According to officials, using illegal phones helped the enemy find its target. There is already an investigation underway.
Ukraine claimed the attack on a conscription college in Makiivka, in the occupied Donetsk region, resulted in 400 troops being killed and another 300 being injured.
It is the most fatalities that Russia has reported during the conflict.
At 00:01 Moscow time on January 1st, six rockets from a US-made Himars rocket system were fired at a vocational college, two of which were shot down, according to Russia.
Vladimir Putin, had just finished delivering his yearly new year’s speech on Russian television.
Lt Col Bachurin, the regiment’s deputy commander, was one among those slain, the ministry of defence announced in a statement on Wednesday.
According to the statement, a panel was looking into the incident’s circumstances.
Although it was forbidden, the presence and “mass use” of mobile phones by troops within range of Ukrainian weaponry was “already evident” to be the primary cause of the strike, it added.
Officials found to be at fault by the investigation would be prosecuted, according to Lt. Gen. Sergei Sevryukov, and “all essential steps are currently being taken to prevent this kind of terrible tragedy in the future.”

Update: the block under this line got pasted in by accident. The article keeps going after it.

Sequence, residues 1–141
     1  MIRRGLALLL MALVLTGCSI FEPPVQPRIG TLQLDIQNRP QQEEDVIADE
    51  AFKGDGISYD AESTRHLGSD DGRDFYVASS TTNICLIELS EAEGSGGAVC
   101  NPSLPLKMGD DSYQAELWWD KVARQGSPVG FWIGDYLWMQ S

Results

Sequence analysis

It was expected that the soldiers would be blamed rather than the commander who made the initial decision to put so many of them in one spot, according to Andrei Medvedev, the deputy speaker of the municipal parliament in Moscow.
The defence ministry’s declaration that military personnel who are supposedly to blame for this disaster will face punishment will be interpreted as an effort to placate the public’s outrage over the Makiivka disaster while also placing the burden squarely on the military and away from President Putin.
He still hasn’t responded to the disaster so far.
The Kremlin has taken care to keep the Russian president away from any negative reports received from the front lines throughout this conflict.
Russia’s withdrawal from Kherson in southern Ukraine in November marked a significant strategic setback for Moscow.
Gen Sergei Surovikin, the commander of Russian forces in Ukraine, however, gave the order to retreat.
Meanwhile, pictured inspecting a hospital for neurological disorders, President Putin remained silent about the situation in Kherson.
On Tuesday evening, Volodymyr Zelensky, the president of Ukraine, issued a warning that Moscow was “on the verge of new mobilisation processes.”